Comments are closed.

DC Real Estate Guides

Short guides to navigating the DC-area real estate market

We've collected all our helpful guides for buying, selling and renting in and around Washington, DC in one place. Visit guides.urbanturf.com or start browsing below!

Northern Virginia

Profiles of 14 neighborhoods across Northern Virginia

Looking to Give People A Reason to Stay Past 6pm
Happily Straddling the Line Between City and Suburb
Columbia Pike
Arlington’s Neglected Stepchild is Getting a Makeover
Crystal City
Turning Lemons into Lemonade
Lyon Village
Developing An Air of Exclusivity?
Hitting Its Growth Spurt
An Urban Village Hitting Its Stride
Del Ray
Virginia’s Small Town Near the Big City
Eisenhower Avenue
The Vibrancy Might Take a Few Years
The Quiet Neighborhood By the Beltway
Old Town
Mayberry By The Potomac
132 Commerical-Free Acres
Downtown Falls Church
Staying the Same in the Midst of Change
Tysons Corner
Radical Change Could Be On The Way

See more Northern Virginia »


Profiles of 14 neighborhoods in suburban Maryland

Small-Town Living in the State Capital
Bedroom Community Gets Buzzing Cache
Cabin John
In With The New While Maintaining the Old
Chevy Chase
Affluence, Green Lawns and Pricey Homes
Downtown Silver Spring
Experiencing a Resurgence After a Bumpy History
A Suburb on Steroids
Rockville Town Square
Despite the Dynamism, Still Somewhat Generic
Takoma Park
More Than a Little Bit Quirky
A Foodie Magnet on the Verge of Change
Capitol Heights
Kudzu, Front Porches and Crime
Glass Half Full or Half Empty?
Mount Rainier
Artists, Affordable Homes and A Silo Full of Corn
National Harbor
A Development Rises Next to the Potomac
Riverdale Park
A Town Looking For Its Identity

See more Maryland »

Northwest DC

30+ neighborhood profiles for the city's biggest quadrant

16th Street Heights
DC's Sleeper Neighborhood
Where (Almost) Everyone Knows Your Name
AU Park
One of DC’s Last Frontiers Before the Suburbs
DC’s Northern Neighborhood on the Cusp
DC’s 535 House Neighborhood
Cathedral Heights
Do You Know Where That Is?
Chevy Chase DC
Not to Be Confused With the Other Chevy Chase
Cleveland Park
Coming Back After A Rough Year
Columbia Heights
DC’s Most Diverse Neighborhood, But For How Long?
An Island of Serenity East of the Park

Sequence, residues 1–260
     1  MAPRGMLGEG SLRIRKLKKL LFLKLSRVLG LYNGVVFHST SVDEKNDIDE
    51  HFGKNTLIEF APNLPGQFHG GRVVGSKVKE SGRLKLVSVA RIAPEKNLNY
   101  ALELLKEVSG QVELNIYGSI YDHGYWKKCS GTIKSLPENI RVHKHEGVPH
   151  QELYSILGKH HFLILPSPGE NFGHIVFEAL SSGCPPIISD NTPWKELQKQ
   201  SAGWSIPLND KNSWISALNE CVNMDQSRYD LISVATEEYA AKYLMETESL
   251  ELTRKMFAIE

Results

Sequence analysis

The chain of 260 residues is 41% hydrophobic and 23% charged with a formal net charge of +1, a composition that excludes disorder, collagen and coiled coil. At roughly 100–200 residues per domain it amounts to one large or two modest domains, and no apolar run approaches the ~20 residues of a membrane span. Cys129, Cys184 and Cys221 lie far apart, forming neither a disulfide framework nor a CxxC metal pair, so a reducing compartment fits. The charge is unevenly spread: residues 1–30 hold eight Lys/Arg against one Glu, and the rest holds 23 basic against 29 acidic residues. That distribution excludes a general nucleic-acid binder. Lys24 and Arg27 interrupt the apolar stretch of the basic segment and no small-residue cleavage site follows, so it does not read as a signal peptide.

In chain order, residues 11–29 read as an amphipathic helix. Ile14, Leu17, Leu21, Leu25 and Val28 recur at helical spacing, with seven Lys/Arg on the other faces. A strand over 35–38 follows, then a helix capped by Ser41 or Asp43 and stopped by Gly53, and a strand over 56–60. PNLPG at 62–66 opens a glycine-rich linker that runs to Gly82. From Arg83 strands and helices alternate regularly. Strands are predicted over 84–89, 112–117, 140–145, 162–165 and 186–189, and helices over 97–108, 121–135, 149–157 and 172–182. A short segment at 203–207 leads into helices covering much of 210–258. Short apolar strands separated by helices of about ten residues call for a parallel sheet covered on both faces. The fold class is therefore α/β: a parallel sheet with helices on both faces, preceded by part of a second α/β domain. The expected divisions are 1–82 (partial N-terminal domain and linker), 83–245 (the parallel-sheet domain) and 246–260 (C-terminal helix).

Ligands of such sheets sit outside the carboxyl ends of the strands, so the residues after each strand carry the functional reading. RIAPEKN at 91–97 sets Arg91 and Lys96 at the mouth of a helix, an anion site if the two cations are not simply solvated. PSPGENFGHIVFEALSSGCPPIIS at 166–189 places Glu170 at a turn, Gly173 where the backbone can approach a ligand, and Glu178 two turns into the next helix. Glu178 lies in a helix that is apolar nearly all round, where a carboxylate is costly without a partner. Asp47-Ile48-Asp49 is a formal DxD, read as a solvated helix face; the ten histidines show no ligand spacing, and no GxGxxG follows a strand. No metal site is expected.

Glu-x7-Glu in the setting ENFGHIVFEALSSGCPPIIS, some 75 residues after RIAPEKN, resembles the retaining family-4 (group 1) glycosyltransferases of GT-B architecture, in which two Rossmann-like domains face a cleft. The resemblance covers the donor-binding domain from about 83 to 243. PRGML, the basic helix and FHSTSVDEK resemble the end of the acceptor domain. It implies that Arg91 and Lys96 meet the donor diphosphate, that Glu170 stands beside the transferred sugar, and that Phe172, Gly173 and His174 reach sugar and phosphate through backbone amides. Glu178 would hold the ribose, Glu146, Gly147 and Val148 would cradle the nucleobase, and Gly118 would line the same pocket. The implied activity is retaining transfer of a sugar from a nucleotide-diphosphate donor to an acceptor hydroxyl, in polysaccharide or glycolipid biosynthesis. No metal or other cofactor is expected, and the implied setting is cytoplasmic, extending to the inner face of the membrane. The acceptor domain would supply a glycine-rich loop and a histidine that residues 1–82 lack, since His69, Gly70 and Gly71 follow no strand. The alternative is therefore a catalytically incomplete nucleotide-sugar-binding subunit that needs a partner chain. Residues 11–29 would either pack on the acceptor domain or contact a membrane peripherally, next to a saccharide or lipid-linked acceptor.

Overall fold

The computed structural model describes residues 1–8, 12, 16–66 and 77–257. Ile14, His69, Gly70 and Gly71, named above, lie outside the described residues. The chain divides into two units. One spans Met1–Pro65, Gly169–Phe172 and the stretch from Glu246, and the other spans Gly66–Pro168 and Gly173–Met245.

Dupont Circle
The Best of DC (For a Price)
Foggy Bottom & West End
Where the Institutional Meets the International
Forest Hills
Ambassadors and Adventurous Architecture
Foxhall Village
350 Homes Just West of Georgetown
Friendship Heights
A Shopping Mecca With a Few Places to Live
History, Hoyas and H&M
Glover Park
One of DC’s Preppier and More Family-Friendly Neighborhoods
A Posh View From Embassy Row
LeDroit Park
A Quiet Enclave in the Middle of the City
Logan Circle
Trendy Now, But Not By Accident
Mount Pleasant
Sought-After Homes Surround Main Street in Transition
Mount Vernon Triangle
From Seedy to Sought-After
The Long, Skinny Neighborhood at the City’s Northwest Edge
Park View
It’s Not Petworth
Penn Quarter/Chinatown
DC’s Go-Go-Go Neighborhood
Getting a Vibrancy of Its Own
The Duke’s Former Stomping Ground
Shepherd Park
DC’s Garden of Diversity
Spring Valley
A Suburb With a DC Zip Code
Not To Be Confused With Takoma Park
Not Quite Like Its Neighbors
U Street Corridor
The Difference a Decade Makes
Woodley Park
Deceptively Residential
Adams Morgan
No Longer DC’s Hippest Neighborhood, But Still Loved by Residents

See more Northwest DC »

Southwest DC

The little quadrant that could

Southwest Waterfront
A Neighborhood Where A Change Is Gonna Come

See more Southwest DC »

Northeast DC

Profiles of 10 neighborhoods in NE

New Development Could Shake Up Pastoral Peace
A Little Bit of Country Just Inside the District’s Borders
Not to Be Confused With Bloomingdale
Fort Totten
Five Years Could Make a Big Difference
H Street
A Place To Party, and To Settle Down
The Northeast Neighborhood That Few Know About
Michigan Park
A Newsletter-On-Your-Doorstep Community
Evolving from a Brand to a Neighborhood
Ripe for Investment Right About Now
The Difference 5 Years Makes
Big Houses, A Dusty Commercial Strip and Potential

See more Northeast DC »

Southeast DC

6 neighborhoods from Capitol Hill to East of the River

Capitol Riverfront
Still Growing
Hill East
Capitol Hill’s Lesser Known Neighbor
Congress Heights
Gradually Rising
Notable for Its Neighborliness
Historic Anacostia
Future Promise Breeds Cautious Optimism
Eastern Market
A More European Way of Living

See more Southeast DC »

Upcoming Seminars ▾